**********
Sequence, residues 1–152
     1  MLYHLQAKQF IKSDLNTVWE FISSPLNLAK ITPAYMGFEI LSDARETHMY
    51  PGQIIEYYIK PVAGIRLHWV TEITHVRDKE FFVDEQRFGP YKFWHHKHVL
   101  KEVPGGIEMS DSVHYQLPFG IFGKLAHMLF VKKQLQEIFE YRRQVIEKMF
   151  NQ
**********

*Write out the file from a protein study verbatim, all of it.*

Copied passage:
Sequence, residues 1–152
     1  MLYHLQAKQF IKSDLNTVWE FISSPLNLAK ITPAYMGFEI LSDARETHMY
    51  PGQIIEYYIK PVAGIRLHWV TEITHVRDKE FFVDEQRFGP YKFWHHKHVL
   101  KEVPGGIEMS DSVHYQLPFG IFGKLAHMLF VKKQLQEIFE YRRQVIEKMF
   151  NQ